Its going to be hard to find an image of an example but I assure you, if the wrong size hardware is on the hanger the biner can be dangerously bound and loaded over an edge/opening the gate if you clip on top instead of lifting the hardware and clipping underneath.

What precisely happens in a fall, like the possibility of the gate on the biner opening under load etc. is going to be very hard to replicate for empirical testing. Needless to say you might be shocked at some of the anchors and their hardware out here in the Wild West. You'd want to get it completely out of the way too.
Bruce Hildenbrand · · Unknown Hometown · Joined Apr 2003 · Points: 1,060

"Since part of the load is on the chainlink it should be less but fundamentally who´s bothered about a few marks on bolt-end biners anyway?"

I think that's the question that testing needs to try and answer. Most bolt hangers are designed for the carabiner to be at the bottom of the hanger.  If you clip above the hardware then the carabiner is not at the bottom of the hanger.  Is this significant or not in terms of potential gouges left in the carabiner?

Ken Noyce · · Layton, UT · Joined Aug 2010 · Points: 2,249

Personally, If I'm climbing a single pitch route where I will be lowering off and having someone else TR the route, I always clip the TR draws into the lowest link of the chain.  I do this primarily because this ensures that I am not going to be using anything that the person cleaning the route needs to clip into except in the case of a single ring on a hanger, and in that case, unfortunately that's about your only option anyway.  When the person who will be cleaning the route gets to the anchor, they can clip into anything above the lowest link that they want to, then they can easily remove the TR draws from the lowest link before threading the rope.  Now I know that people are going to say that this is completely unsafe because there are more links to fail or whatever other silly argument they want to use, but when it comes down to it, if you don't trust those lowest links to a TR load, you shouldn't be trusting them for rapping off of either.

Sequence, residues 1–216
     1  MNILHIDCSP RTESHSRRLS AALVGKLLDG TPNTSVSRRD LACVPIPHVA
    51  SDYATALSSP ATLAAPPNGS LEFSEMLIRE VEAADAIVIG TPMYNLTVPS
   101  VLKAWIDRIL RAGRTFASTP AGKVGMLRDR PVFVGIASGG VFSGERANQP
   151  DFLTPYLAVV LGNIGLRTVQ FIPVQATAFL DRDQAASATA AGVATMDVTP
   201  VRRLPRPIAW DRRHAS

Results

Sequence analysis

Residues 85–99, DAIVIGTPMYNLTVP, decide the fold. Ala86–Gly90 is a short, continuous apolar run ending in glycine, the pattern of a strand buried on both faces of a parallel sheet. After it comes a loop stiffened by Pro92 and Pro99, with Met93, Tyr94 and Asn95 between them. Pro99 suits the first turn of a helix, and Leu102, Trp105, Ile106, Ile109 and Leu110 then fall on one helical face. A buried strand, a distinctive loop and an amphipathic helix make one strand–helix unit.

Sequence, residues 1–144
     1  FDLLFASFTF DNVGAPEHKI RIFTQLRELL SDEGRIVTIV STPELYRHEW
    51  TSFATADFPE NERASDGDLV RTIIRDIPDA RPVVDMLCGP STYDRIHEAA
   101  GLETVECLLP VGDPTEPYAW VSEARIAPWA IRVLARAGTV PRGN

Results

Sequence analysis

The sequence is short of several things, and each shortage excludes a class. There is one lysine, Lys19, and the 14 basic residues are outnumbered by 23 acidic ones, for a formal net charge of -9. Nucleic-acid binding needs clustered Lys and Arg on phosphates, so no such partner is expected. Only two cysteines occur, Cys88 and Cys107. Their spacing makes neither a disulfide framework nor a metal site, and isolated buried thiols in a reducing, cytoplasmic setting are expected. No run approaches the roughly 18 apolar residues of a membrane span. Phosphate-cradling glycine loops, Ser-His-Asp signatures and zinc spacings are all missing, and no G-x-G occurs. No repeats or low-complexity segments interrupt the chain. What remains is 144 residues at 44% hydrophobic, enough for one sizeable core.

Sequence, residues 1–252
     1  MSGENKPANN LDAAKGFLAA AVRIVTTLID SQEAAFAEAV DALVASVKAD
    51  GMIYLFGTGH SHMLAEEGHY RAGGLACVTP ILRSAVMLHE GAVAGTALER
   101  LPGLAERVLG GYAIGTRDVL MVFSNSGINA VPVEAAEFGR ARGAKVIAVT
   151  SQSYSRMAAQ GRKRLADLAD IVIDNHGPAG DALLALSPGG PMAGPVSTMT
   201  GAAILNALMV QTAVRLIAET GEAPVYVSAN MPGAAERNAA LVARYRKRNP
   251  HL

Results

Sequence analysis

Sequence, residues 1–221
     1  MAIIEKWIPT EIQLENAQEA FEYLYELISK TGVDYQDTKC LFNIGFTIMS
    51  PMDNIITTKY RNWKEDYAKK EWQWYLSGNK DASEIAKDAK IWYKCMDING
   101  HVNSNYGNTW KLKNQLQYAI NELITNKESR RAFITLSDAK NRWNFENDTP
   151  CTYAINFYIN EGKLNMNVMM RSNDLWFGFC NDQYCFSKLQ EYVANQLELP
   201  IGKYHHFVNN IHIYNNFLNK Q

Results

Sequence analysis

Edit to add: If there are lower-offs I will typically clip the TR draws into the hangers and I usually do it over the anchors for ease of cleaning.

Tom Sherman · · Bristol, RI · Joined Feb 2013 · Points: 412

Didn't read any of this thread...

I always clip underneath.

One day in the past I arrived at an anchor I had created and the wiregate was open and torquing over the chain below it.

It's always a bitch for other climbers to clean because of it underneath.

I could probably re-assess my doings, I think it only would really matter on a horizontal setup (AKA bolts face the sky and not out from the cliff), but I just always clip underneath out of habit.

Who know's whats best...

Tom Sherman · · Bristol, RI · Joined Feb 2013 · Points: 412
John Wilder wrote: Underneath is better to reduce torque on the carabiners, but it can create a pain to clean. However, you should be able to unweight one bolt at a time fairly easily at most anchors. If it's full hanging and going to be a pain, I'll just clip to the rings.

Interesting perspective:
More diligent to clip underneath, but throw that out the window if the climber can't get a decent stance.